“No, he hasn’t had his tea yet. Miss. But he’d really enjoy some sugar-water. He also loves buns.” A tray of buns was brought in. The girl offered one to the elephant. He curled his finger over it quickly, and his trunk carried it up, tucking it someplace under his head, where he had a funny -looking, triangular, hairy under-lip. Nadya could hear the bun scratching against his dry skin. Tommy did the same with a second bun, and a third one, and a fourth one, and a fifth one. He nodded his head in thanks, and his little eyes became still smaller slits from pleasure. The girl laughed happily. When all the buns were gone, Nadya introduced the elephant to her dolls, saying, “See, Tommy, this pretty doll is Sonya. She’s a very kind child, but she won’t eat her soup. This is Natasha, Sonya’s daughter. She’s just starting her lessons, but knows most of the alphabet. And this is Matryoshka. She was my very first doll. See, she’s lost her nose, and her head’s glued on, and she hasn’t any hair left. But I can’t send the old thing away, can I, Tommy? she used to be Sonya’s mother, but now she’s our cook. Come on, let’s play. You’ll be the papa, Tommy, and I’ll be the mamma, and these will be our children.” Tommy agreed. He laughed, took Matryoshka by the neck and lifted the doll to his mouth. But it was only for fun. He chewed it a bit and put it back in the girl’s lap, although it was now rather wet and slightly crumpled. Then Nadya showed him a big picture book and said, “This is a horse, this is a canary, this is a rifle…. Here’s a bird in a cage, here’s a pail, a mirror, a stove, a spade, a crow…. Look! Here’s an elephant! It’s not at all like one, is it? Elephants are never this small, are they, Tommy?” Tommy agreed that elephants never were that small. In fact, he didn’t like the picture one bit. He lifted the edge of the page with his finger and turned it over.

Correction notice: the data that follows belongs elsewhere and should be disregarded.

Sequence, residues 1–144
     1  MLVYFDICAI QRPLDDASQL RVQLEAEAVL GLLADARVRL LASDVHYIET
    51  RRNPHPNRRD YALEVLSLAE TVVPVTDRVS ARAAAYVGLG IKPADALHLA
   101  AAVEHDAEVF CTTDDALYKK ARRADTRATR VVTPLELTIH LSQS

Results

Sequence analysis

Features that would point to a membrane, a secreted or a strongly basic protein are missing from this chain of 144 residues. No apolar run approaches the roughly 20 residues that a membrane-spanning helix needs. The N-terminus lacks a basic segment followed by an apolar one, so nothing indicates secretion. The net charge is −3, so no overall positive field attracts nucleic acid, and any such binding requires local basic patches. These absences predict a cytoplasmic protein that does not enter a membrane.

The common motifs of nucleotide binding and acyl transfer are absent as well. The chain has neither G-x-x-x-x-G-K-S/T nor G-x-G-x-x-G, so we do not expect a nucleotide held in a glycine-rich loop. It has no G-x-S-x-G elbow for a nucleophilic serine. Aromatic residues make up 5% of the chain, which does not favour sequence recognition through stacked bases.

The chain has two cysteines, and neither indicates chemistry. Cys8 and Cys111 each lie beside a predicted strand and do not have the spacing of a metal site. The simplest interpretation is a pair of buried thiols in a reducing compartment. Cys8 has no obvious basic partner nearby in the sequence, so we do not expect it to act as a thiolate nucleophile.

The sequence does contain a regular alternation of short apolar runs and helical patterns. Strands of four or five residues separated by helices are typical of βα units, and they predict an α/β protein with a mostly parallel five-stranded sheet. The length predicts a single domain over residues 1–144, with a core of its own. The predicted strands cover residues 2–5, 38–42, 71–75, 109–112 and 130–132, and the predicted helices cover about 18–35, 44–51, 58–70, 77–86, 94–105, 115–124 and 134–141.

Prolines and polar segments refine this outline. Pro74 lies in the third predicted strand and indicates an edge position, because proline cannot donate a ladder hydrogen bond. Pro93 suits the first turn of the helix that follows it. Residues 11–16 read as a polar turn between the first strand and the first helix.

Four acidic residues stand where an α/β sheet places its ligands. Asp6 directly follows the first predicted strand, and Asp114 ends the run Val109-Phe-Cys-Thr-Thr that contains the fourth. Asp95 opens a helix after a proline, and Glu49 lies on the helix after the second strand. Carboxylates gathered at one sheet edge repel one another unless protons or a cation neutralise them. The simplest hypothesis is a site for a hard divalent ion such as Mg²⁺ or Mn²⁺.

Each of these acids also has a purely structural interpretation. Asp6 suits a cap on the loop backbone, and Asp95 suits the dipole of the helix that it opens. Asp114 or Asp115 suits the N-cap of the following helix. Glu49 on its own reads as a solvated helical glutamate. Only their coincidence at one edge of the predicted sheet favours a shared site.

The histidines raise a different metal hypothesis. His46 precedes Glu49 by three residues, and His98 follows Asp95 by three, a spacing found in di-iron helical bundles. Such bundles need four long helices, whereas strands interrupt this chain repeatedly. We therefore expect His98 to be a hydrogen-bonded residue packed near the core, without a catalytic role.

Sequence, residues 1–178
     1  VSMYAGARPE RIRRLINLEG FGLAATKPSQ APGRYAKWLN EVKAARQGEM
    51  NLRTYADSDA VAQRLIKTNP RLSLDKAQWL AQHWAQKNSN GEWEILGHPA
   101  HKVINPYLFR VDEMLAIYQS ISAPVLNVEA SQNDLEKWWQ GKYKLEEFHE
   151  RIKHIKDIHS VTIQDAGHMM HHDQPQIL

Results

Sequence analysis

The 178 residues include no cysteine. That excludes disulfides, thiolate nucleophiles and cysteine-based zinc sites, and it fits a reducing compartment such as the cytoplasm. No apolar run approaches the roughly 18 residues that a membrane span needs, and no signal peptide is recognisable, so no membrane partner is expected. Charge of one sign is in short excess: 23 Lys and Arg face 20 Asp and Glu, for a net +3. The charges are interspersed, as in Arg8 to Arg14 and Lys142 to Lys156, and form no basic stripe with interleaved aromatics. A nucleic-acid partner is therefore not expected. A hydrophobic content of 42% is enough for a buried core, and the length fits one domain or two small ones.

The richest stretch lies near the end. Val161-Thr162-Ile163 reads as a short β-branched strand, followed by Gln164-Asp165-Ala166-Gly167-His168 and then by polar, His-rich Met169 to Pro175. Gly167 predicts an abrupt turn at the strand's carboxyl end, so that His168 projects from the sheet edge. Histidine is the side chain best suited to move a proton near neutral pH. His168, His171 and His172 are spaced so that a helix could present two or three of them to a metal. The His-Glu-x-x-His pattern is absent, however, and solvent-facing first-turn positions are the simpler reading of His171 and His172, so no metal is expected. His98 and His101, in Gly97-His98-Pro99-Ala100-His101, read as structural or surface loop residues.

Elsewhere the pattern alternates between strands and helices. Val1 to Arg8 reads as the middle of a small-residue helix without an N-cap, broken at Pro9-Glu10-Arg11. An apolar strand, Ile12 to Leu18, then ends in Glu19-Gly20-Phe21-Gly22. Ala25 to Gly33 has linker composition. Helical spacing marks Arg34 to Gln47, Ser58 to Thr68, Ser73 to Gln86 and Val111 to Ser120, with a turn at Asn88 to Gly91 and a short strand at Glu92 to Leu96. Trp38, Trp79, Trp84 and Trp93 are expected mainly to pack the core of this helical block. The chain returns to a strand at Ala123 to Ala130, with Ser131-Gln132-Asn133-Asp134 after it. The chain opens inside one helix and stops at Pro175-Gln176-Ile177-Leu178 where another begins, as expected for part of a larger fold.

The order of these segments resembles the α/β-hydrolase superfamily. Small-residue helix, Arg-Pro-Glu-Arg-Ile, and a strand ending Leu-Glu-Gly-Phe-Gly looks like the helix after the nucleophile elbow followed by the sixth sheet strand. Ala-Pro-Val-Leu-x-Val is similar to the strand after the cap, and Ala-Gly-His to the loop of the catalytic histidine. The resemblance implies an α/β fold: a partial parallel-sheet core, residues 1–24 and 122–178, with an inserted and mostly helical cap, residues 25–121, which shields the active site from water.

Soon it was time for dinner, but it was impossible to get Nadya away from the elephant. The elephant’s owner came to the rescue and said, “Wait. We’ll settle things nicely. They’ll have their dinner together.” He told the elephant to sit down. The elephant sat down obediently, making the floor tremble, the dishes rattle in the cupboard and the plaster come off the ceiling in the room below. The girl sat down opposite him. The table was placed between them. A tablecloth was tied around the elephant’s neck, and the new friends began to eat their dinner. The girl had a bowl of chicken soup and a cutlet, while the elephant had a pile of raw vegetables and salad. The girl was given a tiny glass of sherry, and the elephant some warm water with a glass of rum in it. He drew the liquid up into his trunk from the bowl with relish. Then there was dessert: a cup of cocoa for the girl and half a cake for the elephant. This time it was a nut cake. All the while the German and the girl’s father were in the study, where the German was drinking beer with great pleasure.

After dinner some of her father’s friends dropped in. While still in the foyer, they were told of the elephant in the house so that they would not be frightened. At first, they did not believe it, but then, catching sight of Tommy, they huddled together in the doorway. “Don’t be afraid! He’s very good,” the girl said to calm them. Nevertheless, they quickly passed into the parlour, stayed but a few minutes and left.